Using Google Presentations in the Real World

I just wrapped up a speaking tour where I created all of my presentations using Google’s new web based presentations application. This is a look at how that worked.

As a preface, the presentations I created were screen show heavy with only an occasional use of text.

What worked well:

1. Creating slides. This was as easy as clicking New Slide and importing an image for the slide from my computer. My general workflow was to grab a screenshot of a website (or part of website) which auto-copied as a .PNG to my desktop. I’d then browse and select the image which would import it into the presentation. Most common image formats can be imported.

2. Sorting Slides. Moving slides around within a presentation is much like PowerPoint. You have to be a bit more careful about where you click to select a slide, but the workflow is the same.

3. Transitions. I’m not a big fan of slide transitions. Google Presentations doesn’t offer any slide transitions options, so that’s easy to avoid. If you’re someone who’s addicted to sliding bulletpoints onto the screen or using Scooby Doo effects between slides, this is not for you.

4. Presentation Export. Presenting directly from the web can be risky since you can’t always count on Internet connections. Google offers an option to export the presentation as a .PDF which works great for presenting. I’m using a Mac, where the default PDF viewer is Preview. That program pulled up a navigational menu on the screen every time I advanced a slide, so I switch to Acrobat Reader to solve this problem.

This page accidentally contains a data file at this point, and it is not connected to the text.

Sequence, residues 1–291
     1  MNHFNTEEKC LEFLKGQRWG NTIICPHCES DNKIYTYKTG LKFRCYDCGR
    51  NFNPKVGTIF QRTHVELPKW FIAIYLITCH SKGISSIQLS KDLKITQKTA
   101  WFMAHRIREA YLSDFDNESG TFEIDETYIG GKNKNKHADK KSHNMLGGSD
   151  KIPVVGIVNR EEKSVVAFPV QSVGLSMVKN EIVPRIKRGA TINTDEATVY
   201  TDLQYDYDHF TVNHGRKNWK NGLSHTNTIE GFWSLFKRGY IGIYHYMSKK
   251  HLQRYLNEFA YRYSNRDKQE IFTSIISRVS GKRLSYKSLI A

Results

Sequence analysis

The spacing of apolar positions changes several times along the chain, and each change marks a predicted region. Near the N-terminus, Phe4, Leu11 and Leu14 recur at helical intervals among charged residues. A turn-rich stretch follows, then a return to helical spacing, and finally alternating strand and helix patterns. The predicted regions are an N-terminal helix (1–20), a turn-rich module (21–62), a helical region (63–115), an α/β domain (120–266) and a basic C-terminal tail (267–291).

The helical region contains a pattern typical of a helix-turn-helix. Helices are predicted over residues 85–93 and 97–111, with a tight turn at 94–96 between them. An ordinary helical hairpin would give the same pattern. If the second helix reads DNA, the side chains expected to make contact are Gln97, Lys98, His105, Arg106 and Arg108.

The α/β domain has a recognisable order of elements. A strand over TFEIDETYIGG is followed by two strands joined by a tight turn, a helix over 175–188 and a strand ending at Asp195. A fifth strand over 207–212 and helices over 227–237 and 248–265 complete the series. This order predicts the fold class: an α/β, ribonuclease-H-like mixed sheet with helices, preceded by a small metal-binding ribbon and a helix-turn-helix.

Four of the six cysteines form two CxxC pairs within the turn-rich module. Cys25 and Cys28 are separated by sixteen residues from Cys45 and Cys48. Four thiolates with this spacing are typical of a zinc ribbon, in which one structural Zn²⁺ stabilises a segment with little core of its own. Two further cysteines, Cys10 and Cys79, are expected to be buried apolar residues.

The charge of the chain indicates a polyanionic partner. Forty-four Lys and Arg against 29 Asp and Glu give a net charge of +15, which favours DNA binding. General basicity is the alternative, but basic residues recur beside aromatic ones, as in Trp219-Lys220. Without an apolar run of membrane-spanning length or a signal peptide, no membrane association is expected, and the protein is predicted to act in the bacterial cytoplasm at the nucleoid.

What Didn’t Work

I only ran into one critical issue, but it was a big one.

With each speaking stop, I’d copy the previous presentation to start a new one, modify it, then export the revisions as a .PDF for the presentation. I ran into an issue where the .PDF export didn’t work. The presentation would export but the file was corrupt and couldn’t be opened with Acrobat or Preview on my Mac. I couldn’t figure out how to troubleshoot it, so I rebuilt my presentation in time to present it.

Themes: This wasn’t a big one, but I couldn’t figure out how to upload a custom theme / background for my presentation. It wasn’t a big deal for me, since I find logos on every slide distracting, but I could see this being a big issue for many presenters.

Overall, I was impressed with the service. Based on how I build presentations, it worked great for me.

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